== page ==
Today is Earth Day, one of my favorite days of the year. Not just because I’m known as the Earth Mage, but because any day that encourages people to get outside and take a hike, or pick up neighborhood trash, or eat vegetarian, or plant a garden, is a good day in my book.
Speaking of my book, this seems like an appropriate time to do some blatant self-promoting of my book, Observations of an Earth Mage. You can always come back and read about the Hanging Gardens and the squirrels once you’ve ordered this perfect Earth Day read. (Here ends the blatant self-promoting.)
Plant a garden. That’s the one my husband Scott has been working on. This year, he didn’t wait for Earth Day to plant. Our practically non-existent winter here in Southern California had him ordering seeds from Seeds of Change in January, planting them in a little peat pot greenhouse in February, and transplanting them into Topsy-Turvy planters in March. To say he jumped the gun a bit on planting would be the understatement of the year.
Oh, some of the plants have done beautifully. Just look at our snow pea plants!
But snow peas like cool weather. Of course they took off, exploding into exquisite vines covered with snow-white blossoms. I wonder if this is why they are called snow peas—because of the color of their blossoms? We should have peas in another few weeks, if the bees do their job right. (Mid-afternoon update: there are already peas on the vine! They blend into the leaves so well I hadn’t noticed them!)
Strawberries love cool weather, too. We’re already getting wonderfully sweet berries. There is nothing better than strawberries fresh off the vine. They’re even better than the ones we get at the farmer’s markets we frequent.
Cool weather snow peas and strawberries are one thing. Tomatoes, heat loving, sun worshipping tomatoes, are another. Scott planted something like 50 seedlings: Cherokee Purple, Yellow Pear, and a variety of Stripey that I can’t recall the name of, but all are heirloom tomatoes. We don’t plant any other kind, because the heirlooms taste so much better.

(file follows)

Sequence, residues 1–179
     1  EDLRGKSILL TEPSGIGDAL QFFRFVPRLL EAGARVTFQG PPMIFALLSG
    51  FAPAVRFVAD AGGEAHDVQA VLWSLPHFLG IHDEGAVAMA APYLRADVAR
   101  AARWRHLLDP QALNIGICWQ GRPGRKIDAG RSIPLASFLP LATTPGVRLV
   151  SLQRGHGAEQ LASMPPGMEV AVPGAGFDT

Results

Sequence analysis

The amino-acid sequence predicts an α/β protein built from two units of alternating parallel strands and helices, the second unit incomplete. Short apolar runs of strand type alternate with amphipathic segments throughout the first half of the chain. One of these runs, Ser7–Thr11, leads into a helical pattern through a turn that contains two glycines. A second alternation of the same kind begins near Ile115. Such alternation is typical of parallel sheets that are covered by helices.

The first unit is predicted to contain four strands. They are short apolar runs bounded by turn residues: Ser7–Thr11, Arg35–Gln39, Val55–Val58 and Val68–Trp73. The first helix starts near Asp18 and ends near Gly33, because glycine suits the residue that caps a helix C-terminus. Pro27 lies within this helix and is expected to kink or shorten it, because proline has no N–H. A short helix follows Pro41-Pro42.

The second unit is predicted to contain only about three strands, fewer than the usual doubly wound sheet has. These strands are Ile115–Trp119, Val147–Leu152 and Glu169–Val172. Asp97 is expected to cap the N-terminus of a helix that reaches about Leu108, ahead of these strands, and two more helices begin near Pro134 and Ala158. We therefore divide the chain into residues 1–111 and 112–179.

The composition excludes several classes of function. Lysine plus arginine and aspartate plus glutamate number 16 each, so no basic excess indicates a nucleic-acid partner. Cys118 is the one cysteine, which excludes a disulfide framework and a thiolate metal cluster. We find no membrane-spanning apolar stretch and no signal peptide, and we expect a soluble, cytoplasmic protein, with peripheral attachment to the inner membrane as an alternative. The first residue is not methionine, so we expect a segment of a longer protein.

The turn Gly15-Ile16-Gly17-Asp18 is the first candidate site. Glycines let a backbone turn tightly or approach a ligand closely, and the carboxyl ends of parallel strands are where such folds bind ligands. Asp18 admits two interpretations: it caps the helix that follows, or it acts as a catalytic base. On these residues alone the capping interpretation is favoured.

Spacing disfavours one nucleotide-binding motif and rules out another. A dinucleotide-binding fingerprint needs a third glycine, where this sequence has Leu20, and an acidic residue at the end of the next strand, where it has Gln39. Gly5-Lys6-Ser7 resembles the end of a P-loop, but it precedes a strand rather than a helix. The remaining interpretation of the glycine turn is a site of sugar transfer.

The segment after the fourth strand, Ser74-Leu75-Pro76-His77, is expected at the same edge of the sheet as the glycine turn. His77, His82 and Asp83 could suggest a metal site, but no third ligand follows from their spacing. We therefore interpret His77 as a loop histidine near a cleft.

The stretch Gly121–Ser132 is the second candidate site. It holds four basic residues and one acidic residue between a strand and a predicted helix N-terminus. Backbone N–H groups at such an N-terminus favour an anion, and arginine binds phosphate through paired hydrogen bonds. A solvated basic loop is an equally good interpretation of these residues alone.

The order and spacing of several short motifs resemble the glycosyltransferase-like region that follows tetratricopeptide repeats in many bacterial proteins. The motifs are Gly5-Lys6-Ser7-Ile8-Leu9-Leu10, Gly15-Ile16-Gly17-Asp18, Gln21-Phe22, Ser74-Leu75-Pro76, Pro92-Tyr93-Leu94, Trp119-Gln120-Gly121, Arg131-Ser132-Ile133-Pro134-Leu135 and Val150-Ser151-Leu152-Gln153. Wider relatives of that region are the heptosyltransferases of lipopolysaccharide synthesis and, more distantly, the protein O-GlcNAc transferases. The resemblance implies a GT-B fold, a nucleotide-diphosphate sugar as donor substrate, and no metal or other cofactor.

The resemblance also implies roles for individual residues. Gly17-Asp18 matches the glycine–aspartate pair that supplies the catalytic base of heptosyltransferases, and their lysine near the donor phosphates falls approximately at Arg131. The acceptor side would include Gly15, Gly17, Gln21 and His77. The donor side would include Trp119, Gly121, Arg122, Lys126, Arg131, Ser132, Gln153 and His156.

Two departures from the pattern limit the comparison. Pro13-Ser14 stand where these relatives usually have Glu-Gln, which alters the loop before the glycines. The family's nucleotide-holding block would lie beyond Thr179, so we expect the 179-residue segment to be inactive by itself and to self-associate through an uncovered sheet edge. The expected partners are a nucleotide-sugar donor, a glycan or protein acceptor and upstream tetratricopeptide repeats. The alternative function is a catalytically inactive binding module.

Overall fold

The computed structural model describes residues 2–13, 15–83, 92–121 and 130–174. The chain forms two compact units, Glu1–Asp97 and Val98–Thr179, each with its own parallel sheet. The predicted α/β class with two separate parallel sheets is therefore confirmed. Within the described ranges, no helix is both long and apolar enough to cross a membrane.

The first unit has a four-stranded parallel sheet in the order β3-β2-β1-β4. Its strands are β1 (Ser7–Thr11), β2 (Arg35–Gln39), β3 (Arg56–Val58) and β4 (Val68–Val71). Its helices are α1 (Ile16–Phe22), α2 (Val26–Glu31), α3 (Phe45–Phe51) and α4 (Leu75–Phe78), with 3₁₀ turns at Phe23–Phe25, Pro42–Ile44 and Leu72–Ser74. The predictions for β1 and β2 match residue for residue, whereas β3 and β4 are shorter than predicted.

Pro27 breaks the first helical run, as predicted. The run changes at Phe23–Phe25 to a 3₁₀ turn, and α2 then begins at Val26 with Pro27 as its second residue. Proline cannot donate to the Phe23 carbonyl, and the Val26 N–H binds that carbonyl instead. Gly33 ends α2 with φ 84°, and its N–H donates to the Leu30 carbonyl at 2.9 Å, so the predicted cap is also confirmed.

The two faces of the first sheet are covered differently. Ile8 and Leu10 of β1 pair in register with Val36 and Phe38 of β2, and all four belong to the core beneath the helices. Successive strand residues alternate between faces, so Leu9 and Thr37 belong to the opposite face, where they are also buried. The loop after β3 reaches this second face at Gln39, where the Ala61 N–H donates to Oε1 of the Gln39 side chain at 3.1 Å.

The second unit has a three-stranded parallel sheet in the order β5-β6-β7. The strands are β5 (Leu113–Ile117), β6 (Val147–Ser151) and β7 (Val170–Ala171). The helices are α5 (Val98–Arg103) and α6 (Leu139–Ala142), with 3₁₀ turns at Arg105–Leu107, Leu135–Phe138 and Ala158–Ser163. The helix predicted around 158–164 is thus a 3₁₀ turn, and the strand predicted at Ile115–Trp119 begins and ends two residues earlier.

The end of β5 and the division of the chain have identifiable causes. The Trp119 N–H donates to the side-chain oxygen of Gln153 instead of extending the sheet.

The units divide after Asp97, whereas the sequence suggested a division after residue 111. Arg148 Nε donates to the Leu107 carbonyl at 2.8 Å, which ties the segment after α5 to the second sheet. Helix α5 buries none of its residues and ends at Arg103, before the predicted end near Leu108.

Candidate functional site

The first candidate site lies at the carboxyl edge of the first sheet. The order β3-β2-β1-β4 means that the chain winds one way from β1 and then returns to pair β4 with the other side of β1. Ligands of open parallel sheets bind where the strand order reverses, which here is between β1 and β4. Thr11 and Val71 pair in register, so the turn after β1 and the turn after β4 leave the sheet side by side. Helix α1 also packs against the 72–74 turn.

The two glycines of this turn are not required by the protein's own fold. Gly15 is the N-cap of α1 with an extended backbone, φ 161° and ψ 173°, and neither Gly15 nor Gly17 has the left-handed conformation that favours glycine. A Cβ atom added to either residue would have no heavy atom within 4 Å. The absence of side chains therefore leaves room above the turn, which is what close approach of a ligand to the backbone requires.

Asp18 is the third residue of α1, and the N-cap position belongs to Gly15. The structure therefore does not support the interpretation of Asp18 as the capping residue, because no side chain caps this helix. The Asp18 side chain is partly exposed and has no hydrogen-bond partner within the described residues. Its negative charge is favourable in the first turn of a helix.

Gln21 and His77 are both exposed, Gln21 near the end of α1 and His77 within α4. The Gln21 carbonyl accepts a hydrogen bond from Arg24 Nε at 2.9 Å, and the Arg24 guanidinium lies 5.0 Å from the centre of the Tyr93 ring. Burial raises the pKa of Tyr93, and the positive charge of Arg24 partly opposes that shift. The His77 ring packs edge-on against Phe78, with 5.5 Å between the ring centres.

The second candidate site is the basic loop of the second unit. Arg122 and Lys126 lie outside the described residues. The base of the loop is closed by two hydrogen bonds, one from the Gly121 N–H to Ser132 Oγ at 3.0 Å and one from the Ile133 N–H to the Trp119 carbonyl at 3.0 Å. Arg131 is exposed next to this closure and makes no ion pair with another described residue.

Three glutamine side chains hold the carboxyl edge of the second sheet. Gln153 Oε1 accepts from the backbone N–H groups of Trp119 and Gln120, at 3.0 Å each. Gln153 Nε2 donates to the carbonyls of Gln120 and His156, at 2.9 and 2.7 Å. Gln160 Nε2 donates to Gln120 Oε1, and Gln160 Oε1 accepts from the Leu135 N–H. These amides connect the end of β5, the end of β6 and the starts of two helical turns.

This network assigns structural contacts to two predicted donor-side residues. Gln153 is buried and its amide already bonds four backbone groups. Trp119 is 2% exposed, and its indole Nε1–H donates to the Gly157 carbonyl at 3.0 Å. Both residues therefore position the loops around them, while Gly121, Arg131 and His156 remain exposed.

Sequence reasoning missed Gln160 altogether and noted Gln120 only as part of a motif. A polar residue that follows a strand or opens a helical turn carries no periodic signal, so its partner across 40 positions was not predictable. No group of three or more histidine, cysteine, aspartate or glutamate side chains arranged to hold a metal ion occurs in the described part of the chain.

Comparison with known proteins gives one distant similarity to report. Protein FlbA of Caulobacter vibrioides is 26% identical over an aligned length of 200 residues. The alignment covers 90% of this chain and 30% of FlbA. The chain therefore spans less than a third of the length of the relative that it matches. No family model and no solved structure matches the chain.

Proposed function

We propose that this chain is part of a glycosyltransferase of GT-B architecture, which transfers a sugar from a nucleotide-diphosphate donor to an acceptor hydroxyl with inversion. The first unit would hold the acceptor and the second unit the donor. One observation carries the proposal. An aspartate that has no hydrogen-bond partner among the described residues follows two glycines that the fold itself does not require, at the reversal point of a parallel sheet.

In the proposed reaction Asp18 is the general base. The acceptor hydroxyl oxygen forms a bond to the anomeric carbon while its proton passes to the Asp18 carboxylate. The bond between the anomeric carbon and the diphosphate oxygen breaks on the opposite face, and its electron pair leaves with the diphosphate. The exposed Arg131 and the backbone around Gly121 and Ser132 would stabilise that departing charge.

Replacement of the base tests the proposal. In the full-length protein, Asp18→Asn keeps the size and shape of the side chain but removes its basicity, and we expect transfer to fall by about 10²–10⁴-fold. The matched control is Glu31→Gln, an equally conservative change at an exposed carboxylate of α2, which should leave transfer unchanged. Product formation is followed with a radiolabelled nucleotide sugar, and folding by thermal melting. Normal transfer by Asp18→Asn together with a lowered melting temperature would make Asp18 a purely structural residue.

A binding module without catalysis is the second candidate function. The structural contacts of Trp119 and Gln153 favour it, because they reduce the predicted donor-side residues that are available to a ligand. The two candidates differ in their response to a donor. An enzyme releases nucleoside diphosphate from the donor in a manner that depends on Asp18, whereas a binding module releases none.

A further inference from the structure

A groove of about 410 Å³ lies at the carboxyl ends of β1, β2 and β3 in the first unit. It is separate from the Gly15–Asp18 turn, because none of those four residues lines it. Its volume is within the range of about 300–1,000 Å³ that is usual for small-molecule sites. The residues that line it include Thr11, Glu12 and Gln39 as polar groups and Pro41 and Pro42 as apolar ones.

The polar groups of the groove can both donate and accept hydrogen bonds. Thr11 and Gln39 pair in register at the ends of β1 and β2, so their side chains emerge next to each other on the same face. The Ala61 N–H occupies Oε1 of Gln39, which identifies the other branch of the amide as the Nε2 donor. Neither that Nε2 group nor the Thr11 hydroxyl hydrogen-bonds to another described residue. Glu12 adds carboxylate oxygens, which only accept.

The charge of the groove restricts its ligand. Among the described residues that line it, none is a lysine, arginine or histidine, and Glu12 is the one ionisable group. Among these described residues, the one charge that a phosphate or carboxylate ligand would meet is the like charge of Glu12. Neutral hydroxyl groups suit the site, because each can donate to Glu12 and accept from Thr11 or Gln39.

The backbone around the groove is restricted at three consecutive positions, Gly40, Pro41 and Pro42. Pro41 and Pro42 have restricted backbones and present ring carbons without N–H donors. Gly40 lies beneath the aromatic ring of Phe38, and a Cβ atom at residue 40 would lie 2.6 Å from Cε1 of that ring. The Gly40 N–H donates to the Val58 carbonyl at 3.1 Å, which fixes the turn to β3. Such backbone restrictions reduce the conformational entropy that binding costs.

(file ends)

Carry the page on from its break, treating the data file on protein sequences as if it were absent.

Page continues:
But in a yard where the squirrels eat everything we try to put in the ground, where the heck is he going to put 50 tomato plants?
We started with putting four of them in Topsy-Turvy planters. These worked well for us last year; the squirrels, try as they might couldn’t get to them. But to plant 50, we’d have to hang planters around the entire perimeter of our tiny shack in the hills. We’ve got eight hanging from the milk room roof: four tomatoes (one that also has hot peppers planted in it), two snow peas, one cucumber, and a strawberry, each with at least ten plants growing from it. The milk room is my office, my studio. The floor has a two-inch slope to it, or it did, before Scott hung all those planters. I swear the weight of the things have pulled the room away from the main house so much the floor is now level, and by the end of the week, I fear the whole thing will collapse into a heap of crushed plants, pine boards, and broken computer parts.
I’ve taken to calling our back deck area the Hanging Gardens of Babylon. Or, the Hanging Gardens of Mage Manor, more precisely. If there is a spot Scott can hang a plant, he hangs it. Even our spicy oregano is tacked to the side of the house.
The rest Scott’s tomato plants are now tucked into little pots, lining our deck railing, with little hope of finding a place in our permanent garden. We had a dinner party yesterday, and told our guests no one got Scott’s fabulous freshly made blackberry pie if they didn’t commit to taking at least a couple tomato plants home with them. They ate the pie. They forgot their tomato plants. I’m considering taking them down to Home Depot today and leaving them tucked under the windshield wipers of random cars. Wouldn’t you rather find a tomato plant under your wipers than a flyer advertising half-price Brazilian Blowouts and bikini waxes at your local beauty salon?
Then there’s the matter of Peachy, our peach tree I bought Scott for his birthday last August. The squirrels have done a number on the tree, chewing off limbs, buds, and fruit alike. It got so bad Scott stuck spikes in the soil around the edges of the tree’s pot to keep out the little gluttons. That seemed to be working—for a while.
But we may be in trouble now. Yesterday, we spotted our first polka dot of the season (which is what we call the baby ground squirrels, which are technically called California spotted ground squirrels—baby spots are polka dots). The polka dots are tiny. They’ll be able to slip through those spikes as easily as The Blob slipped through the heat vents in that old Steve McQueen movie. I fear the remaining 48 peaches on Peachy may be doomed.
That is, unless Scott can figure out a way to hang the tree upside down from the roof…